My original thought was that if a force was applied to a circular gear, one would be able to figure out the rotational time, or RPM. This pans out to be impossible due to the lack of input. The idea that the force would give the gear torque depending on the position and orientation of the force, and that one could calculate the RPM knowing the circumference. From what I have learned here now, that force or torque would give the gear unlimited speed due to the lack of resistance.

Not finding any data on a cycle dynamo, I bumped it up to a generator. It could of course be a giant on a cycle, but let's say it is driven by water/wind/manpower.

Maybe I need to turn things around to be able to calculate what force is necessary to provide a given resistance (generator) with the given specs. My first toughs are that if the generator is supplied with 650Nm at 250rpm, it will generate electricity. Now, 250rpm is pretty fast so this will need to be geared down. But do I need to assume an rpm for the input (top gear) to be able to find the required torque/force? To half the rpm one would need to increse the torque by a factor of 2. A larger wind turbine usually operates at 12-15rpm, but with large torque due to the wings.
So I would think that rotation would indeed depend on resistance, but how would one go about finding the input force to make this configuration work?
If I were to assume rpm: let's say 30rpm, needed torque would be 250/30 = 12.5 reduction factor. 650Nm x 12.5 = 8.125kNm.
(now on thin ice) an applied force of 8.125kN 1.0m from the center of the gear (then being 2.0m across) would give the torque, but would it give 30rpm?

Or would I need to use Power = Torque X Angular Velocity to find the rpm?
Power been Watt
Torque Nm
and Angular Velocity ω (rad/s) converted to π x rpm/30
So for the generator Power (17kw) = 650Nm x π x 250/30 = 17kw, seems fair.
For the gear: 17kw = 8125Nm x π x rpm/30 => 20rpm?

Pretty sure I got something mixed up here...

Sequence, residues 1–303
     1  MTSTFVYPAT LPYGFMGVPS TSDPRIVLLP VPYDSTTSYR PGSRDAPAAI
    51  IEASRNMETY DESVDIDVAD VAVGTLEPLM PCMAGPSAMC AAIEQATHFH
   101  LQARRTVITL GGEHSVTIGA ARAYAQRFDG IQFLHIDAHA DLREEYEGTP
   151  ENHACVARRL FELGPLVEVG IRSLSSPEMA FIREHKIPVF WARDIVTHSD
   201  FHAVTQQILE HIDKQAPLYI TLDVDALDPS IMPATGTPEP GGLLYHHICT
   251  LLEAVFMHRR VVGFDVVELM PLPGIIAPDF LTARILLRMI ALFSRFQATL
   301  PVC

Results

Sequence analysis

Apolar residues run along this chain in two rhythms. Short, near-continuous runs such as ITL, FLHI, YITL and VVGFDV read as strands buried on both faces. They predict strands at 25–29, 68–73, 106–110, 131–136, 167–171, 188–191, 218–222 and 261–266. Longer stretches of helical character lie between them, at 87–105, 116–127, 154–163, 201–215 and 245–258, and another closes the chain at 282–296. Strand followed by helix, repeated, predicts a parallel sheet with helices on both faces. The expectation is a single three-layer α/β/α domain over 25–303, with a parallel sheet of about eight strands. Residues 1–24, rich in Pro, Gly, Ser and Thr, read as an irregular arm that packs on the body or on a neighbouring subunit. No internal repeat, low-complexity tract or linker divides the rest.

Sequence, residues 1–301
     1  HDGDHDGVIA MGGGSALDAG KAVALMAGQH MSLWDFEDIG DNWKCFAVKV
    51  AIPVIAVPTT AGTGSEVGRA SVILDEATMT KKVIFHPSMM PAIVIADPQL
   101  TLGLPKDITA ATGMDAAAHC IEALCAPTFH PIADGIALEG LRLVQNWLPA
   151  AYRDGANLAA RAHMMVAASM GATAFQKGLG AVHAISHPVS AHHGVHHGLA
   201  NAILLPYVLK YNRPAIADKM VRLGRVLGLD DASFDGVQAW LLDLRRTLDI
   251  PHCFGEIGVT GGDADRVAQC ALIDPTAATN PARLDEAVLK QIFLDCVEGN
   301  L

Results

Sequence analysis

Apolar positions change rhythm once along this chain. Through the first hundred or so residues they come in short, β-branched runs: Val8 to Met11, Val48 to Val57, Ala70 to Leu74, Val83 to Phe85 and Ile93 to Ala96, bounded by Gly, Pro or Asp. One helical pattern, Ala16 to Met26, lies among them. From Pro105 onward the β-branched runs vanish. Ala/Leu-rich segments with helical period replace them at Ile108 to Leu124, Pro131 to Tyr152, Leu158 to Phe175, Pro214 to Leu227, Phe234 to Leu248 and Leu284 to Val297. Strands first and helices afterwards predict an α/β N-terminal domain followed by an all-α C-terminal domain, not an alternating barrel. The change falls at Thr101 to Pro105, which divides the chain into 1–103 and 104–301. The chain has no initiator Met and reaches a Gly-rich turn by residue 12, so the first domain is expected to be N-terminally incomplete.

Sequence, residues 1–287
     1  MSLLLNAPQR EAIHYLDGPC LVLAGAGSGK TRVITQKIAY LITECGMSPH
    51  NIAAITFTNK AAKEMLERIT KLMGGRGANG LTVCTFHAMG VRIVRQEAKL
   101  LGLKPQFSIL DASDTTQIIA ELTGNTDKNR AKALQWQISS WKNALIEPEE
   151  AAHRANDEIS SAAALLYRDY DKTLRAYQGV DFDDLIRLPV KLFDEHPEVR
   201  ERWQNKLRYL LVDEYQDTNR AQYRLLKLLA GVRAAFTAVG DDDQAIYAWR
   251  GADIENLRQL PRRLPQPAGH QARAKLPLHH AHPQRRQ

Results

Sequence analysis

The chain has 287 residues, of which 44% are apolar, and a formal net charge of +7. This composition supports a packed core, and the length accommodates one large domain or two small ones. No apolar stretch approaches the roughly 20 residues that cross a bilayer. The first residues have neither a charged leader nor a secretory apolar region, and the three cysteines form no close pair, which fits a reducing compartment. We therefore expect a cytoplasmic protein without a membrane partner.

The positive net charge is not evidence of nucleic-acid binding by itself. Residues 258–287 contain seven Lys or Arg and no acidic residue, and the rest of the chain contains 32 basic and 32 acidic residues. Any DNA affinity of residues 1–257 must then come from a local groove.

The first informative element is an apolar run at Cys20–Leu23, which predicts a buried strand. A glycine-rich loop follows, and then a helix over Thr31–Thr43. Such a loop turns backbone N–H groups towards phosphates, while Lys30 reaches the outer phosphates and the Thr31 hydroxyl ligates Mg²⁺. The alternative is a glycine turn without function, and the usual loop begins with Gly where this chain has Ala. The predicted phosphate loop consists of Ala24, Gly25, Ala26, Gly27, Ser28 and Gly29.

8. Aug 10, 2017

jbriggs444

That looks entirely correct.

9. Aug 16, 2017

Maximusflash

If Power = Torque x Angular Velocity is "converted" to find RPM as I did above, that gives:
W = Nm x π x rpm/30

Solve for rpm gives:
rpm = W x 30 / (Nm x π)

In my mind (without overthinking) if one were to apply more torque, you should get more rpm (more force to the system). And reducing resistance should also give more rpm
But by the formula: More W (resistance?) gives more rmp, and more torque gives less rpm.

What I am I missing?

10. Aug 16, 2017

jbriggs444

You have chosen to use the symbol "W" to represent power (in Watts). That's the rate of energy production per unit time. It is not "resistance".

Yes, if you apply more torque and, as a result, get more rpm then you will get more power output. But if you assume that the output power is fixed then you must also have changed out the generator design (e.g. used a higher gear ratio) so that the input RPM decreased in proportion to the input torque increase.

11. Aug 16, 2017

Maximusflash

Ok, I think I understand. Thank you for the quick followup!

12. Aug 16, 2017

jack action

The principle (which is based on the conservation of energy) is that whatever power $P$ you produce at the input will be transferred at the output or:
$$P_{in} = P_{out}$$
Or, from the opposite point of view, if you determine that the output power you need is X watts, then you also need to produce X watts of power at the input.

So, if you need an output that produces 500 N.m of torque @ 100 rad/s, you know that this represents 50 kW of power. Therefore, your input source must produce 50 kW of power. But it doesn't have to be 500 N.m @ 100 rad/s, it could be, say, 50 N.m @ 1000 rad/s or 1000 N.m @ 50 rad/s. It doesn't even have to be mechanical, it could be an electrical source that produces 208 A @ 240 V, which is also 50 kW.

So identify clearly the power requirement of your system (more torque = more power; more rpm = more power). Then, you know that whatever power gets out, it must comes in somehow.

13. Aug 16, 2017

Dr.D

What Jack says is true, assuming 100% conversion efficiency which is itself never true. What he says is a good place to start, but you will have to allow for losses if you want to have realistic results.

14. Aug 17, 2017

Maximusflash

Thank you jack for the clarifying answer. From what I have read this is how windturbines work (in general): large amount of torque, slow rpm => geared down to fast rpm for a smaller generator. And of course Dr.D there are losses in a system, in all connections and gears and drag...
Thank you for all of the answers!